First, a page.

When we do find ourselves in pain and persecuted, we may wonder if G-d has forgotten us. We may wonder if there is a G-d, and will salvation ever come. The lesson, Nittai HaArbeli tells us, is that salvation will come. The nation of Israel has survived persecution time and time again. So much blood and so many tears have been shed. At times, it appears that our end is near. However, we have to remember that although we may not understand the reason for what is happening or what has happened, we know that we will be saved and our persecutors will be punished.

Hopefully, we will soon see the construction of the Third Temple. Hopefully, we will never again have to suffer the pain that our fathers and mothers did. However, until that time comes, we must never forget these lessons that have allowed the nation of Israel to survive until this very day.


At the end of the second volume of "Nezikin" in the set of Mishna with the explanation of R' Pinchas Kehati, there is a prayer to be recited after completing a chapter or tractate of Mishna in memory of those who perished in the Holocaust. A translation follows:

Please, Hashem, who is full of mercy, that the soul of all living beings and the spirit of all man is in your hands, our Torah (that we have learnt) and our prayers on behalf of the souls of those millions of Israel, old and young, men, women and children, who were killed while sanctifying the name of G-d, should be pleasing before you. These who sanctified Your name were slaughtered, strangled, burnt to ashes by the hands of the German oppressors, may their names and any memory of them be blotted out. Among these who were killed were great cedars of Lebanon, the mighty of the Torah, holy and pure, the heads of Yeshivas and their students, the young children of Israel who never tasted the taste of sin, and the righteous of the world, leaders of Israel with their congregations, their holy congregations, who gave their lives in sanctifying G-d's name, and our relatives who were among them. May G-d remember them for good with the rest of the righteous of the world, and exact revenge for His servants' spilled blood, as it is written in the Torah of Moshe, a man of G-d: "O nations, sing the praise of His people for He will avenge the blood of His servants, and He will bring retribution upon His foes; and He will appease His land and His people." Any by your servants, the prophets, it is written saying " Though I cleanse (the enemy) - their bloodshed I will not cleanse when Hashem dwells in Zion." And in the Holy Writings it is said "Why should the nations say 'Where is their G-d?' Let there be known among the nations, before our eyes, revenge for your servants' spilled blood." May their souls be bound in the Bond of Life, to see their revival with the resuscitation of the dead with all of the dead of your nation of Israel, with mercy, and send to us the Messiah to redeem us from our exile, to gather us together from the four corners of the earth to our land, and may we merit a complete redemption speedily, Amen.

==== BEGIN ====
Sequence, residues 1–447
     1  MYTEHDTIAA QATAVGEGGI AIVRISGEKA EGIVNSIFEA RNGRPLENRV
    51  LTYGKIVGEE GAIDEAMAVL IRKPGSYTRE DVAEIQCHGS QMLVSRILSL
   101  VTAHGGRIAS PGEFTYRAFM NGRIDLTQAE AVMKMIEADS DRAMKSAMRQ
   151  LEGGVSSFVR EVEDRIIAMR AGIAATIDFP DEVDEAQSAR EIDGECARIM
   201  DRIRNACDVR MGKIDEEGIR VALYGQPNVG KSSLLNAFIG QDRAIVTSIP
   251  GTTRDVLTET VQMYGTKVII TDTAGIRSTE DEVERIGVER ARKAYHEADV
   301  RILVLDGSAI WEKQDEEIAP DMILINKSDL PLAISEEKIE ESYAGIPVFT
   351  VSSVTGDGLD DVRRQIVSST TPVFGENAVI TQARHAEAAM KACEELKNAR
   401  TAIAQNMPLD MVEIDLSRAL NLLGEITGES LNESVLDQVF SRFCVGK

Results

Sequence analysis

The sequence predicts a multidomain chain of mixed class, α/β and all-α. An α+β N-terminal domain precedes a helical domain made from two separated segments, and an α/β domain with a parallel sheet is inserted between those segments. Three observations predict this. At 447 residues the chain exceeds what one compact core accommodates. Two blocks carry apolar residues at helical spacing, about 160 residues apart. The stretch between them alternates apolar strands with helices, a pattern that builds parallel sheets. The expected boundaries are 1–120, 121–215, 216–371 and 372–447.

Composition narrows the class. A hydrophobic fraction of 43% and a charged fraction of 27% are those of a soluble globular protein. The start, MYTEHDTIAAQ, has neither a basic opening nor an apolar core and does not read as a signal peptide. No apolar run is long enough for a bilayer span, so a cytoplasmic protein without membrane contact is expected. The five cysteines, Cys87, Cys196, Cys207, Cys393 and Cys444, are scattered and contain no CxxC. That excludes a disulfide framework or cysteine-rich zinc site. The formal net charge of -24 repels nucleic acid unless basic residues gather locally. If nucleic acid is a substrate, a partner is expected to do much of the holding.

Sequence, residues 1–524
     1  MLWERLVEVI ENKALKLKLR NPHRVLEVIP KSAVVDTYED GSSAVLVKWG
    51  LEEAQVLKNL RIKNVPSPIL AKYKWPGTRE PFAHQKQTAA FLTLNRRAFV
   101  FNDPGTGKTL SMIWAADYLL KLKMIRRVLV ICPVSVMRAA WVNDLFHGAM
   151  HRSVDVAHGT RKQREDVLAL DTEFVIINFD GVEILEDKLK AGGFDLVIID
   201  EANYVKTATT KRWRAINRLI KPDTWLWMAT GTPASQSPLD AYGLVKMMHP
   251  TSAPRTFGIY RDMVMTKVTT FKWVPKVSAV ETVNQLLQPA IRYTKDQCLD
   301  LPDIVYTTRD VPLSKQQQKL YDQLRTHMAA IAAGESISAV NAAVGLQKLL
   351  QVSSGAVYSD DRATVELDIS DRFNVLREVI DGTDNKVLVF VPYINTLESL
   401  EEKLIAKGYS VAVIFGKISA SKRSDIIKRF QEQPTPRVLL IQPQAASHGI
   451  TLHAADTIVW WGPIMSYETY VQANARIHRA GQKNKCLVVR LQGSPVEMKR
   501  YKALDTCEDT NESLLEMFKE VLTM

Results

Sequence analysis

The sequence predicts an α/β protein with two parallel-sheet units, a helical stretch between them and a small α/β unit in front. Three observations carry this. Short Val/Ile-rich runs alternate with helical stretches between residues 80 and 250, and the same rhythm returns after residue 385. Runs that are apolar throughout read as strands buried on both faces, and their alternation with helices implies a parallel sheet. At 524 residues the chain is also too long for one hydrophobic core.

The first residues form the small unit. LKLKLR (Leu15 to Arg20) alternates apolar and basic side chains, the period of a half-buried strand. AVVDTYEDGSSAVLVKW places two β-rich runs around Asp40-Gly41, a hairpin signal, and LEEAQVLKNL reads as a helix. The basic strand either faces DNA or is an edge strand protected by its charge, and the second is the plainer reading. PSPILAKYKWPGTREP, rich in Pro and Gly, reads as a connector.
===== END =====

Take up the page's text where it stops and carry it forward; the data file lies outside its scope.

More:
Check out all of the posts on the Omer! Head over to to find the newly redesigned YomTov Home Page, and click on the holiday you are interested in to find all of the archived posts on that topic.

For questions, comments, and topic requests, please write to Rabbi Yehudah Prero.